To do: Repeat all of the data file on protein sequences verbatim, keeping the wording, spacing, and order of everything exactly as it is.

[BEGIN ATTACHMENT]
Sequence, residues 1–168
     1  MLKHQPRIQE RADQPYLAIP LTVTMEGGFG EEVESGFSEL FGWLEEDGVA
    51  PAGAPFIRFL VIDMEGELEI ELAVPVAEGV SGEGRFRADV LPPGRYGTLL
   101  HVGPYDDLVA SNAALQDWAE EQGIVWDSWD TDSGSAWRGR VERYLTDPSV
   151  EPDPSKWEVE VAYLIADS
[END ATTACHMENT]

Sequence, residues 1–168
     1  MLKHQPRIQE RADQPYLAIP LTVTMEGGFG EEVESGFSEL FGWLEEDGVA
    51  PAGAPFIRFL VIDMEGELEI ELAVPVAEGV SGEGRFRADV LPPGRYGTLL
   101  HVGPYDDLVA SNAALQDWAE EQGIVWDSWD TDSGSAWRGR VERYLTDPSV
   151  EPDPSKWEVE VAYLIADS